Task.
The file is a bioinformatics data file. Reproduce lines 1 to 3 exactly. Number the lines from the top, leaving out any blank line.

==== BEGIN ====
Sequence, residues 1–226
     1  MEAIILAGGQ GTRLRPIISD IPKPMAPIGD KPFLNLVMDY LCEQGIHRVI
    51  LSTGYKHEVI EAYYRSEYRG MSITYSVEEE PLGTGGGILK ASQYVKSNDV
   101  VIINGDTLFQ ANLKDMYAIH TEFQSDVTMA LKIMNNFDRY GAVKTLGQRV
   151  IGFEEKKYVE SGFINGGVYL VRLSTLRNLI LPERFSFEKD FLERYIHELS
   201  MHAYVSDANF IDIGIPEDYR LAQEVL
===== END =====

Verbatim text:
Sequence, residues 1–226
     1  MEAIILAGGQ GTRLRPIISD IPKPMAPIGD KPFLNLVMDY LCEQGIHRVI
    51  LSTGYKHEVI EAYYRSEYRG MSITYSVEEE PLGTGGGILK ASQYVKSNDV